SportsEvents Magazine

OCT 2016

SportsEvents is edited for those who plan tournaments or other sports events.

Issue link: https://sportsevents.epubxp.com/i/744891

Contents of this Issue

Navigation

Page 11 of 59

2017 Baseball/Softball Sourcebook 12 www.sportseventsmagazine.com BY PAIGE TOWNLEY Players Of All Ages Are Enjoying Softball Forever YOUNG! you get Sara Van Hook talking about senior softball, she can't help but drop a name or two. "You've heard of Jose Canseco, haven't you?" asked Van Hook, assistant executive director of International Senior Softball Association (ISSA). "He and his brother Ozzie played in our World Tournament of Champions in Tampa. We have a lot of former pros playing. These athletes still enjoy being competitive and we provide quality tournaments for them to be able to still compete." It's no secret that softball is a sport for anyone and everyone. From 8-year-olds to 80-year-olds, millions of people around the world are playing the sport. According to the annual High School Athletics Participation Survey conducted by the National Federation of State High School Associations, softball is one of the seven girls' sports that registered an increase in participation in the 2015 – 2016 year. But the popularity of the sport isn't just increasing with teens. Senior Softball USA is experiencing a sig- nificant growth. The organization's number of nationally carded players has doubled in 15 years and its leagues have expanded from 215 cities in 2014 to 315 cities in 2016. Its youngest group, the Masters, which includes men and women between the ages of 40 and 50, is its fastest-growing segment. "Just a decade ago, we had fewer than a dozen men's and women's Masters teams competing in our World Masters Champi- onships," said Senior Softball USA CEO Terry Hennessey. "In 2015, there were eighty-nine Masters teams." Hennessey expects the Women's Masters to be the fastest-growing segment in the next decade because of the high number of women who were able to compete in or- ganized softball in high school and college who are now in that age group. He expects them to play for many more years. "National senior players are living longer and healthier," Hennessey said. "When I started in the sport in the mid-1990s, the top age group was 70 and there were few teams. Today, our top age group is 85. Players are staying in shape and playing much longer than in previous generations." To maintain the upward trend, Senior Softball USA is making sure to provide plenty of opportunity and excitement to keep players excited to compete. The orga- nization publishes an electronic newsletter every three weeks to keep players abreast of news, tournament results, players and events. It also publishes a quarterly news- paper that keeps players up to date on the latest trends in the sport. The ISSA also has seen a steady increase in its events, requiring it to add more tournaments to its offerings. This year, the organization might realize a 20 percent increase over last year's participation. RB Thomas, Jr., the association's executive director, credits much of the success to the fact that the organization listens to players about what they want. "We keep refining our program and providing the highest-quality tournament experience that we can," Thomas said. "To do so, we put a real premium on selecting destinations that are good vacation spots in addition to great facilities. We are also careful scheduling tournaments, keeping in mind what works best for players as far as time of day, etc. We really work hard to keep player satisfaction high with our events." On the other end of the age spectrum, various organizations are working to increase participation at a young age. Dixie Softball recently started the SweeTees X-play program for children age six and younger. SweeTees is a program where coaches pitch, instead of having players bat off of a T. The organization recently held its first World Series in the age group. "It was very successful," said James "Obie" Evans, president of Dixie Softball. "We are hoping that this new program makes the sport more exciting for players and hopefully encourages more partici- pants." Perhaps one of the largest efforts to reach more players at the youth level is Play Ball, a new program Amateur Softball Associa- tion/USA Softball, the national governing body of the sport. Launched in June 2015 in partnership with Major League Baseball, the initiative encourages widespread partici- pation in all forms of softball among all age groups, especially youth. "This partnership allows us to continue in our mission to grow the game and provide opportunities for youth to get involved in our great sport at any level," said Craig Cress, executive director of ASA/USA Softball. "We've had the opportunity to par- ticipate in Play Ball events throughout the year, and to see the excitement and joy that picking up a bat and ball brings to the kids that attend speaks volume about our game. We're excited to spread that excitement and Softball Spotlight: If Sara Van Hook with Ozzie (left) and Jose Canseco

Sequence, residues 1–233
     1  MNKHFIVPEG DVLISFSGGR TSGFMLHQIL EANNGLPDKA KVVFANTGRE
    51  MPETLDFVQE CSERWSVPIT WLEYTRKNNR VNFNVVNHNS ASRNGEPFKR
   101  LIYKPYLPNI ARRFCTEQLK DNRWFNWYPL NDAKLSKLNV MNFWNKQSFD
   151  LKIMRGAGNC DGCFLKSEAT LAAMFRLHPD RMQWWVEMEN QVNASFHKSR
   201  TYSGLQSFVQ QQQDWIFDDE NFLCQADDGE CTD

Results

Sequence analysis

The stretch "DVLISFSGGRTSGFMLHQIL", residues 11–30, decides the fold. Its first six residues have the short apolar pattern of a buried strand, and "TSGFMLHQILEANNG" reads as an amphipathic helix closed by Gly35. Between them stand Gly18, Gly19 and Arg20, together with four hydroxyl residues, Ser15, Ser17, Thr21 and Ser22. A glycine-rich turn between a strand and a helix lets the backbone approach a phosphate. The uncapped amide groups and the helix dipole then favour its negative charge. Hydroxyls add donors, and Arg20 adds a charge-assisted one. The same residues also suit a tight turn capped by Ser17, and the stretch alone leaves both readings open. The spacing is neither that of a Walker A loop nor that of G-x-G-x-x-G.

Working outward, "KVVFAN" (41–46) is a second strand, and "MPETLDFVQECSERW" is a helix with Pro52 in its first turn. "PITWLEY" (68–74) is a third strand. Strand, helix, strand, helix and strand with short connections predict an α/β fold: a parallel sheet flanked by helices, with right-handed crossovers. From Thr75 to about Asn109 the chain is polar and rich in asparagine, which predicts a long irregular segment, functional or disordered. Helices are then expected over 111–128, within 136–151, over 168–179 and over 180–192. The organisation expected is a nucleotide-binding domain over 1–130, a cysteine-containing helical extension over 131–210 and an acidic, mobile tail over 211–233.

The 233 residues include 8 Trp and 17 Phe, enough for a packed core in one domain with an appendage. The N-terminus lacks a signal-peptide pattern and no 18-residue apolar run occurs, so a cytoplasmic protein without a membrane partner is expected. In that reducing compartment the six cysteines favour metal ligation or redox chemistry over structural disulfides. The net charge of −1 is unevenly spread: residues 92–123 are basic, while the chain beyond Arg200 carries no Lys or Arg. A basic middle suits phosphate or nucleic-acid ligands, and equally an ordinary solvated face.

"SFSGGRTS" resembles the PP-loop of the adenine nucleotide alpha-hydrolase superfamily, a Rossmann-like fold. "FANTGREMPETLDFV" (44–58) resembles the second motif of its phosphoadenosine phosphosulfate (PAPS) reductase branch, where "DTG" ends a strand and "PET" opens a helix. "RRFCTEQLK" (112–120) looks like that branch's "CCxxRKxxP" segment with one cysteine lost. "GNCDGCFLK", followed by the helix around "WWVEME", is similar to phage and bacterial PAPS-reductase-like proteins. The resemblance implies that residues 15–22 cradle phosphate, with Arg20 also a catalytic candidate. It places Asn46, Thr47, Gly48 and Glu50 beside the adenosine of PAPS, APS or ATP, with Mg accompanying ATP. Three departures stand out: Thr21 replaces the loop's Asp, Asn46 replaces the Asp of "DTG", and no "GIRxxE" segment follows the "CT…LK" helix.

Articles in this issue

Links on this page

Archives of this issue

view archives of SportsEvents Magazine - OCT 2016